Take a step back in time to the year 1905. That's when El Tovar first opened to tourists seeking an adventure to write home about.
"It was a very, very ritzy place to stay," says Bruce Brossman, marketing director of Xanterra, the company that operates El Tovar. "It was one of the fanciest places west of the Mississippi when it opened."
El Tovar was built by the Fred Harvey Company and the Santa Fe Railway to entice East Coast visitors to stay overnight at the Grand Canyon. To appeal to this clientele, the hotel was sure to have electricity, heat and running water, all considered luxury amenities back in the day.
As you step inside this 111-year-old historic hotel, you'll see dark wood and finishes reminiscent of those early days. Brossman says even after several renovations, Xanterra's goal has always been to preserve the style of El Tovar and keep it looking as close to the original design as possible.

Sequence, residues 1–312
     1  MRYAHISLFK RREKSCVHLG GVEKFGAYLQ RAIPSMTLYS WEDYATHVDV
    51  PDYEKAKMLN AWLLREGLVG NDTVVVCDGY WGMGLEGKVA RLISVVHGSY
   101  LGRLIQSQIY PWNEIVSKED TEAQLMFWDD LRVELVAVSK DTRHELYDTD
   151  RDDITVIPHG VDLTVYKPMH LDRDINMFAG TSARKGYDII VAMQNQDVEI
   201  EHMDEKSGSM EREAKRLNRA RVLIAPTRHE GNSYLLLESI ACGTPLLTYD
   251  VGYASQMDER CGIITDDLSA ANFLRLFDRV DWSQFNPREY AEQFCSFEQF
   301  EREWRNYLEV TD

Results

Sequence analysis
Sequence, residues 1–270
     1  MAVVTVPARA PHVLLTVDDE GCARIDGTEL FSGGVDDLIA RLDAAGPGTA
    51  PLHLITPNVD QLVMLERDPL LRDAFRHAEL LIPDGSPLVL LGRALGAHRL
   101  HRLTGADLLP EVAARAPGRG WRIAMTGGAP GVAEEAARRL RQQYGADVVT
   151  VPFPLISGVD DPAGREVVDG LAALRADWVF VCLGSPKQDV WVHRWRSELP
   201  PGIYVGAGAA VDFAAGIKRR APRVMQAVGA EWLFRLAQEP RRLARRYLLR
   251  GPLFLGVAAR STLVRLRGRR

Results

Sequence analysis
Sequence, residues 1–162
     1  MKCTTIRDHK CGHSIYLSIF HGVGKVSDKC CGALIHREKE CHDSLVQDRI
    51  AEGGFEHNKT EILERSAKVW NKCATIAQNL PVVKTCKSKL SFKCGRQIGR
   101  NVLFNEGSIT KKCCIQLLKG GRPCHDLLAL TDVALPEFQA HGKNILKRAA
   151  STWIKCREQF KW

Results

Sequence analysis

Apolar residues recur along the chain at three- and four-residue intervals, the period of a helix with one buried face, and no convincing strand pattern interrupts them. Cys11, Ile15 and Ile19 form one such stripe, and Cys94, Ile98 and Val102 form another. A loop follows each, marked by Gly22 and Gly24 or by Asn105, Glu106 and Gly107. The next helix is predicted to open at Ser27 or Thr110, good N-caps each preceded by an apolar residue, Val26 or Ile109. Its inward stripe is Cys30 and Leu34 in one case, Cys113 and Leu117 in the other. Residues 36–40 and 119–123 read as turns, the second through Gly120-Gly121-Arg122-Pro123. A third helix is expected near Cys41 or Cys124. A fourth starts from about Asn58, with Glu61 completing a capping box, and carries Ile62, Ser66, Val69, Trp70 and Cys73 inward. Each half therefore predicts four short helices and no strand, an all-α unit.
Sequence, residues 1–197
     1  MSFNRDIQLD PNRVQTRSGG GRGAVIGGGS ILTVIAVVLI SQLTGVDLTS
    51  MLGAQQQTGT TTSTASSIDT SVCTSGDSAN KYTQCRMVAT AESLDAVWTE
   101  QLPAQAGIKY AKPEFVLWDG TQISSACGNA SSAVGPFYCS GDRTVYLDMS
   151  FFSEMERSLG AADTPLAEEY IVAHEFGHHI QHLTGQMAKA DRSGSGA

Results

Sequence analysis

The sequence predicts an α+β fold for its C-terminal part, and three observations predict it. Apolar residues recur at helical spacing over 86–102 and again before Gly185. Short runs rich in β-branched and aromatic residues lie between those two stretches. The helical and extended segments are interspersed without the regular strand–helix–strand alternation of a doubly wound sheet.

"We want to preserve that experience as people come in and out of the hotel."
This magnificent hotel sits right on the Rim Trail of the Grand Canyon, inside The Village. It was a premier destination back in the day, as it still is today. Its 78 rooms continuously book out, up to a year in advance, with suites costing upwards of $540 per night. It's a price tag many are willing to pay as sunrises and sunsets at the canyon are priceless.
Next year, El Tovar will close for about three months for a makeover. It will undergo renovations of its guest rooms and lobby. Visitors should also expect to see construction on a new lodge taking place. That's a first for the canyon since 1970.
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